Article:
Good Agile teams are self- organising where all ideas matter, everyone contributes and everyone is heard!
For becoming a high-performing and self-organised team, a lot depends on how team members work together and how good of a shared understanding they share. In complex Agile working environments, it is not easy to rely only on technical skills and attention should be paid on creating cohesion. This is where social contract comes into picture.
A social contract (also known as working agreement) allows Agile teams to define and agree on the acceptable and non-negotiable behaviours.
In this post, we’ll look at following points:
- What is a social contract or a working agreement?
- Why do you need a social contract?
- Who creates the Social contract?
- How and when to create a Social contract?
What is a social contract or a working agreement
A social contract is not a legally binding agreement. Instead, it’s a socially binding one. What that means is that each person in a team agrees and adheres to certain behaviours that the team mutually creates. Social contracts are unique to a team because each team has people with different personalities, idiosyncrasies and objectives.
Below is an example of a social contract:
You can also add other, more specific topics in your social contract. One of our contracts included these:
- No open laptops in meetings
- Meetings are not scheduled between 3-5 PM
- No mobile phone in meetings or team discussions
- Update cards daily on the wall (later we edited that to include MS Teams and Jira)
An important point to note is that social contracts should not be created and used as a box ticking exercise. Instead, they should be adhered to and revisited as often as required. If you’re a physically co-located team, place the agreement somewhere where it is visible to everyone. If you’re all working remotely, make it a part of your shared area where it is easily accessible and visible.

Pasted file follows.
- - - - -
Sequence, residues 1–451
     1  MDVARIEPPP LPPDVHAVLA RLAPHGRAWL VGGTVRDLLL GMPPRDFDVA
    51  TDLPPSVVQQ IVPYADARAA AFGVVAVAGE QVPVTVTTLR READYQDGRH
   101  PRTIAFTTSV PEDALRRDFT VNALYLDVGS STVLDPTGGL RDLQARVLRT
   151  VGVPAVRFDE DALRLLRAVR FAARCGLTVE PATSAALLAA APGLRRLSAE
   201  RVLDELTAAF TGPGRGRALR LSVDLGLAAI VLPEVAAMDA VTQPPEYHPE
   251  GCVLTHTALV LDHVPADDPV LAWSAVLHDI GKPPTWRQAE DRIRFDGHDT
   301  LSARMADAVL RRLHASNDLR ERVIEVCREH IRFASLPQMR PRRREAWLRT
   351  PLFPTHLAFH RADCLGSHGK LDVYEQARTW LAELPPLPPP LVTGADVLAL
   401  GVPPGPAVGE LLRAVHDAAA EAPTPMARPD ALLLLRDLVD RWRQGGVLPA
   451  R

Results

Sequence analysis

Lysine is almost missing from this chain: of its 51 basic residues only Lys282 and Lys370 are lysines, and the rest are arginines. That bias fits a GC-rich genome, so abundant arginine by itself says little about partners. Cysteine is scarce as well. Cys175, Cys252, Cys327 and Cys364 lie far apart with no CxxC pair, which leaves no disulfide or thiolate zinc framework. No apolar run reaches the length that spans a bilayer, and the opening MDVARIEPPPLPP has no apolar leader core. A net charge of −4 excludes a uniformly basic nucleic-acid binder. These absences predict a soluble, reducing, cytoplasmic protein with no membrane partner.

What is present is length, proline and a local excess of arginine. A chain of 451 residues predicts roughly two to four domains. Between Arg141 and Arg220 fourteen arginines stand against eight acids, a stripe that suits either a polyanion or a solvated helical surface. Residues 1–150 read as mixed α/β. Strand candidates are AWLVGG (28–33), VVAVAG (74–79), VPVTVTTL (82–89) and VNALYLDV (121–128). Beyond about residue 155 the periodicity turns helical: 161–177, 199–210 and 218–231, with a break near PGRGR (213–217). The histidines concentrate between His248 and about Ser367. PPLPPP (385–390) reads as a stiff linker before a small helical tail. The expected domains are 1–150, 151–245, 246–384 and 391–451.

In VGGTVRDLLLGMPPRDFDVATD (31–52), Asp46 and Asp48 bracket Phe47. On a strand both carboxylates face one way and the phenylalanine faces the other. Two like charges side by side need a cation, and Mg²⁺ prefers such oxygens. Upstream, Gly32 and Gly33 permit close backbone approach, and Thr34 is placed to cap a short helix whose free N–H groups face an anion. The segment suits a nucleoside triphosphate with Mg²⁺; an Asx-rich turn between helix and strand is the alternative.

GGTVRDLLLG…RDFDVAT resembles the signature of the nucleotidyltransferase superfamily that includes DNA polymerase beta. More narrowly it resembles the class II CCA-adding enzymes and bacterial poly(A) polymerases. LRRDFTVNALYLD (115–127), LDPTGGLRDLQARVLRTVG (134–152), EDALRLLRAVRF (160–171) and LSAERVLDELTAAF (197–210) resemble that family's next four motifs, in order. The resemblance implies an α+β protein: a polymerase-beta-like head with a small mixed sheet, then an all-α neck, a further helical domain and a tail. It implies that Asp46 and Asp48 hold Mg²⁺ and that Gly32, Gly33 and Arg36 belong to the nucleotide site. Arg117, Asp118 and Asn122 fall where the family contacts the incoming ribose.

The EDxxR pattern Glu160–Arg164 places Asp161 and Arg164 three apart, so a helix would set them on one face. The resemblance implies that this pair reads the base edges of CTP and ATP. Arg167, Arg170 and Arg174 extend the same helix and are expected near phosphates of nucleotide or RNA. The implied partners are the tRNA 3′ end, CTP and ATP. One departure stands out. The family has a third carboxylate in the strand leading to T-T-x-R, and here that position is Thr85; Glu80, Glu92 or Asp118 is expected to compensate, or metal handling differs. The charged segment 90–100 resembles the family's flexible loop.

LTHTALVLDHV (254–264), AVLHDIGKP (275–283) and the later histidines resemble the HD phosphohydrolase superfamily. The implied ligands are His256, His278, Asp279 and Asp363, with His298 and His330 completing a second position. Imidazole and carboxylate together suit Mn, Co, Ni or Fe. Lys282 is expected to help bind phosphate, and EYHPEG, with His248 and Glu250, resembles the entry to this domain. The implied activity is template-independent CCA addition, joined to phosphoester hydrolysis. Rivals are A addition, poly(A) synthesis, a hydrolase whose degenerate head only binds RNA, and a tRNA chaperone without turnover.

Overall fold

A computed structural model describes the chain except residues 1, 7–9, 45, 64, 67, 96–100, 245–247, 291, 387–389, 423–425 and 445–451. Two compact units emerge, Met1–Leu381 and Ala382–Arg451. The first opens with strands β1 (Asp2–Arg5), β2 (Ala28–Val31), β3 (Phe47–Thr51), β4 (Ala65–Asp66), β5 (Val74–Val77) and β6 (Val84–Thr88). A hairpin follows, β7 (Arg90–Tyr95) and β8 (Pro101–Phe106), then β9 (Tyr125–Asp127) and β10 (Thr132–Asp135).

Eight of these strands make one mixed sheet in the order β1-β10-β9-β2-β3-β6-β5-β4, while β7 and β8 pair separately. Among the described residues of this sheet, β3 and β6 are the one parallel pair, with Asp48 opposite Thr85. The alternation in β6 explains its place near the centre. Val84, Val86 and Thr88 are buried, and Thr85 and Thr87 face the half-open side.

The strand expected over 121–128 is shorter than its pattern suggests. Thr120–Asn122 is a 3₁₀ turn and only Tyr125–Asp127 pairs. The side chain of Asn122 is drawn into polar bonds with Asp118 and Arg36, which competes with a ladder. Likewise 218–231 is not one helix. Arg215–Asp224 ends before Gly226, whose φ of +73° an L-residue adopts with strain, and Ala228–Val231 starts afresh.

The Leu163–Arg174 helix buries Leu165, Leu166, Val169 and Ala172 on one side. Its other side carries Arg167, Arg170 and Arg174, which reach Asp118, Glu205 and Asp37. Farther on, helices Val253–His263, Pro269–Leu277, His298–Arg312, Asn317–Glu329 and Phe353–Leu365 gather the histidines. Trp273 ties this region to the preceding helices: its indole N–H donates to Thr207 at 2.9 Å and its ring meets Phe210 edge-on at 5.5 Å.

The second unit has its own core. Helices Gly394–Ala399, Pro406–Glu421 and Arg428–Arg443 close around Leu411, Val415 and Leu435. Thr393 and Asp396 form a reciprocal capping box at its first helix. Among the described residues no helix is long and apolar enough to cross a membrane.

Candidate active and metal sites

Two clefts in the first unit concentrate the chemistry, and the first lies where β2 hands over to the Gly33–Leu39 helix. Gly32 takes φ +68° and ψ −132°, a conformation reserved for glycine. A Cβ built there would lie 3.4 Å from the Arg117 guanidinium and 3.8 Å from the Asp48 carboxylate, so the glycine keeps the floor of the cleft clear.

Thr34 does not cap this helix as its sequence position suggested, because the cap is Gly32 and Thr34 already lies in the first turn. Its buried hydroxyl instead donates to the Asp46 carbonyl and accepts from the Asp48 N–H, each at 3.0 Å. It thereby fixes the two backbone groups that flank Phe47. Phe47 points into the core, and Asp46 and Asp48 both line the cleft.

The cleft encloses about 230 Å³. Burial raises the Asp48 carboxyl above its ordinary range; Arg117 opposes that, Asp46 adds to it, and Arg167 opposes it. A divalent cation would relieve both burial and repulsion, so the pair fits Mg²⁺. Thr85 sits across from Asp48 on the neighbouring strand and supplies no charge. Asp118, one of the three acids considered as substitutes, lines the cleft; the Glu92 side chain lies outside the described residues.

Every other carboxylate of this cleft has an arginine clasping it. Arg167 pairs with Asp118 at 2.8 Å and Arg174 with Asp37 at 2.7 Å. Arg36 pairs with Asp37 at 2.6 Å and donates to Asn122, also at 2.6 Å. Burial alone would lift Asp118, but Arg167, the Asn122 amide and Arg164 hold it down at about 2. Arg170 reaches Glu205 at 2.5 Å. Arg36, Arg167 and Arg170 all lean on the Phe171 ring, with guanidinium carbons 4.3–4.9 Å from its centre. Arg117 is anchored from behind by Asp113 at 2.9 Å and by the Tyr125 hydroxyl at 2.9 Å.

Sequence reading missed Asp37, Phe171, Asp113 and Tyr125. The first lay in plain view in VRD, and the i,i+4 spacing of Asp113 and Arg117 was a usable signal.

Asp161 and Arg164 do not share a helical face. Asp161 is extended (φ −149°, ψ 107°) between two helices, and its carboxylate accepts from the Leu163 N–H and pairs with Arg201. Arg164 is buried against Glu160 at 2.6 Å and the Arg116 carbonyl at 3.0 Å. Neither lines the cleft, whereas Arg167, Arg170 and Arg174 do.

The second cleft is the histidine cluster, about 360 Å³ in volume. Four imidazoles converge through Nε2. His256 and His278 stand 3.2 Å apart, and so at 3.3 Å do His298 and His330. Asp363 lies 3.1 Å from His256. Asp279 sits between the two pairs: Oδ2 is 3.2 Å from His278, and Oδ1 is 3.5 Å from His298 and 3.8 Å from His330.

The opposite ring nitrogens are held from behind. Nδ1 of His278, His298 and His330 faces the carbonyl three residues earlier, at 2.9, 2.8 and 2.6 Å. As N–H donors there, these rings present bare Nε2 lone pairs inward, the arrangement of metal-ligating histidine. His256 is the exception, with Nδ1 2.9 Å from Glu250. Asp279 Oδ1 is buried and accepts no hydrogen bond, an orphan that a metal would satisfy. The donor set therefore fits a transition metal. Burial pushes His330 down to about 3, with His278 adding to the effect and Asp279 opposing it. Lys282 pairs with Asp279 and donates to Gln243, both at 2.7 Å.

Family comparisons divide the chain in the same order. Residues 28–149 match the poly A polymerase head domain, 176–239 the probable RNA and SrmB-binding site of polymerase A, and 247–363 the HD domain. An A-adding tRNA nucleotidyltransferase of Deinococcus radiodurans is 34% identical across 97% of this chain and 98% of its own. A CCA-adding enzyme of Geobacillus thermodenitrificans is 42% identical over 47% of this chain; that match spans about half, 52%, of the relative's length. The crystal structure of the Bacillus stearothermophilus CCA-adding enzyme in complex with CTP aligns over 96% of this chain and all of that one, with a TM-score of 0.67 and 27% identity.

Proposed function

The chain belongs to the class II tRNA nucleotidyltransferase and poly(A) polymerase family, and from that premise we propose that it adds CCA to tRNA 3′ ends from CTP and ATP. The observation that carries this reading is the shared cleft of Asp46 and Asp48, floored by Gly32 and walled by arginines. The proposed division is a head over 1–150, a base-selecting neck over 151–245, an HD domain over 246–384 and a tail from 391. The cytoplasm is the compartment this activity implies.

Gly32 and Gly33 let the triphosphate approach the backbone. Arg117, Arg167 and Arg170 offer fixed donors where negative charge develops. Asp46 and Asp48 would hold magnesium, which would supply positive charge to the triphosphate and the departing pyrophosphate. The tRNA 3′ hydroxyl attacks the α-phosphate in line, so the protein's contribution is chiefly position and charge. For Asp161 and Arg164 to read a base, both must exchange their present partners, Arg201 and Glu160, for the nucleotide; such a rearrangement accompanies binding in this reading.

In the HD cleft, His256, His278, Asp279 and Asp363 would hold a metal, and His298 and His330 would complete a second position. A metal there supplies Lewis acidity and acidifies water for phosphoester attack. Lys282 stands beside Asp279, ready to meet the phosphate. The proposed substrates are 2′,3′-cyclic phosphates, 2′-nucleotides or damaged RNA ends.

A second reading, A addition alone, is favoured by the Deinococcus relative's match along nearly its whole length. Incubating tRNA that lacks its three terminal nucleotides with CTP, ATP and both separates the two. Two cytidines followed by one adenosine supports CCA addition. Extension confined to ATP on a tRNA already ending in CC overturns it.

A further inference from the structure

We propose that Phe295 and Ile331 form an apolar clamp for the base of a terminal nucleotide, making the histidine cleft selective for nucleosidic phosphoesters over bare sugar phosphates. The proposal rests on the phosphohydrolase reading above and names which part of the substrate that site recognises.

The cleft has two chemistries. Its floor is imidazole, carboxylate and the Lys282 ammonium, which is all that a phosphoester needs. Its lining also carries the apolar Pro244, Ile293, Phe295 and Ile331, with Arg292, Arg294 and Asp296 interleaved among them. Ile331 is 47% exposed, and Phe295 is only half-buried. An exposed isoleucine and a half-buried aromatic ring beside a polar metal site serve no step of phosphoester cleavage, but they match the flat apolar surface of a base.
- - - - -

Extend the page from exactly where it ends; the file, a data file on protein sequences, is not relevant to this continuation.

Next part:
Why do you need a social contract
Long time ago, we had a developer in our team who used to disappear during the mid-day when most of the teams were on lunch break and used to return after nearly an hour and half. Not only that, he used to leave early to pick-up his child from the day care centre. It was a concern for most because there was enough dependency on this developer and his unavailability was affecting others.
What would you do if you were being affected in this team?
Our team decided to use the social contract to remind everyone of their commitments. In one informal meeting (it’s important to note that such discussions are more effective when not done in a formal setting), while chatting with each other team members asked him about this developer’s long breaks. It turned out that he was utilising his lunch break for visiting a gym and wasn’t aware that others were being impacted by his absence.
Because of a social contract where all were free to respectfully share their views, we were able to avoid what could be a difficult discussion.
What I have experienced is that social contracts help build psychological safety, openness, shared understanding, trust, congruence and a sense of accountability.
Who creates a Social contract?
Many teams have their social contracts created by someone in the management or the human resource (I guess calling it People & Culture is better) teams. Well, that’s not how a team contract should be created.